Langer has also looked at the link between mindfulness and discrimination. Under her definition, mindlessness includes knee-jerk labeling, which seems to be part and parcel of prejudice. By teaching people to think more mindfully – avoiding labels, thinking of alternatives, and questioning their assumptions – she believes we can reduce discrimination against those who are different from us.
Mindfulness has also been studied in the context of romantic relationships in particular. More mindful partners tend to have better marriages and more sexual satisfaction, partly thanks to better communication skills. Relatively happy couples who go through mindfulness programs come out on the other side with higher relationship satisfaction, more closeness and acceptance, less distress about the relationship, and more optimism and relaxation.
In his interview with Oprah, Buddhist monk Thich Nhat Hanh explains how to be fully present with your loved ones with four beautiful mantras (start at 18:58):
In a broader sense, more mindfulness can make us feel more connected to other people because we recognize that emotions are human – we’re not the only ones who have ever felt sad, anxious, or afraid.
3. Fewer negative emotions
Practicing mindfulness is one way to cultivate self-awareness, and self-awareness is a crucial skill when we’re dealing with negative emotions. It can help us understand what we’re feeling sooner, discover the triggers of that feeling (e.g., being late for work makes us anxious), and observe our habitual responses to it. It makes sense, then, that practicing mindfulness may reduce addictive behaviors like smoking, alcoholism, and eating disorders.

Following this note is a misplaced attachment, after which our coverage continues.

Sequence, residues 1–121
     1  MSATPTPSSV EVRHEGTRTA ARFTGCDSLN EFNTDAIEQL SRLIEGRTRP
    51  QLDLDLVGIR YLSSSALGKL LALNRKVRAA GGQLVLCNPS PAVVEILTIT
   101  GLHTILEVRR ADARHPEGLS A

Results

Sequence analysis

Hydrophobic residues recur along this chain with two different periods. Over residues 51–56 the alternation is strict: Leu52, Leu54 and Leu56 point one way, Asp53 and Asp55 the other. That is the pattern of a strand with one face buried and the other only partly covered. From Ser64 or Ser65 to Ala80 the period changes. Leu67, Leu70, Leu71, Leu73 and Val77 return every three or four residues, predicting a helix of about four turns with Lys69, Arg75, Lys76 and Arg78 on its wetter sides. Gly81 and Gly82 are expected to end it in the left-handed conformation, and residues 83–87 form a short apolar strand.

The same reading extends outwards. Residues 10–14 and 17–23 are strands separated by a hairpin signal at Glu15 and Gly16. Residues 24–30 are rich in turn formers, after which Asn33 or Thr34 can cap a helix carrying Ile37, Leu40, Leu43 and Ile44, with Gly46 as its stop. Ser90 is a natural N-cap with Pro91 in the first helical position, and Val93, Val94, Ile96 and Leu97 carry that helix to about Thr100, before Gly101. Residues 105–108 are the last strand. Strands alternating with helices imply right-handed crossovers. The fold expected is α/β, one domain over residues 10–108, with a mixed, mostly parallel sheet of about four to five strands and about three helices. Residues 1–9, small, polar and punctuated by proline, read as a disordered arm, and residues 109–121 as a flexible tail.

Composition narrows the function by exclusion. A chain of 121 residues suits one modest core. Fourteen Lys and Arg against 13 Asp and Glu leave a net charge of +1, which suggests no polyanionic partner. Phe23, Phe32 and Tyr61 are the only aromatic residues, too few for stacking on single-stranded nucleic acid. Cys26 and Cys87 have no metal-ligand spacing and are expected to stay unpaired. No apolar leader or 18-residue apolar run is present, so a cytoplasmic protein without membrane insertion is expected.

Mindfulness is also a way of fighting boredom. In one study, participants were asked to do activities they disliked (like watching football or listening to rap music) and notice one, three, or six new things about the experience. The more mindful they were asked to be, the less bored they were.
And while training in mindfulness increases positive attitudes toward the self, it also decreases negative ones. Anger and self-criticism give way to the acceptance and self-compassion mentioned above.
Many MBSR studies have been done on different groups in a variety of stressful situations – from health care professionals to graduate students to patients living with disease – and the program has been shown to decrease stress and anxiety, rumination, burnout, hostility, distress, and depression. Other mindfulness-based therapies, like mindfulness-based cognitive therapy (MBCT) and Acceptance and Commitment Therapy (ACT), are also effective in reducing depression.
Why might this be the case? Besides increased self-awareness, mindfulness changes our attitude toward reality. We learn to see things as they are, and recognize that everything will change – including our feelings of despair. We gain more distance from our thoughts, so we don’t have to get sucked in and pulled along when they start to spiral toward negativity.
Mark Williams is one of the creators of MBCT, which adapted MBSR to help prevent depression relapse. In this video, he explains in detail why it works:
4. Better health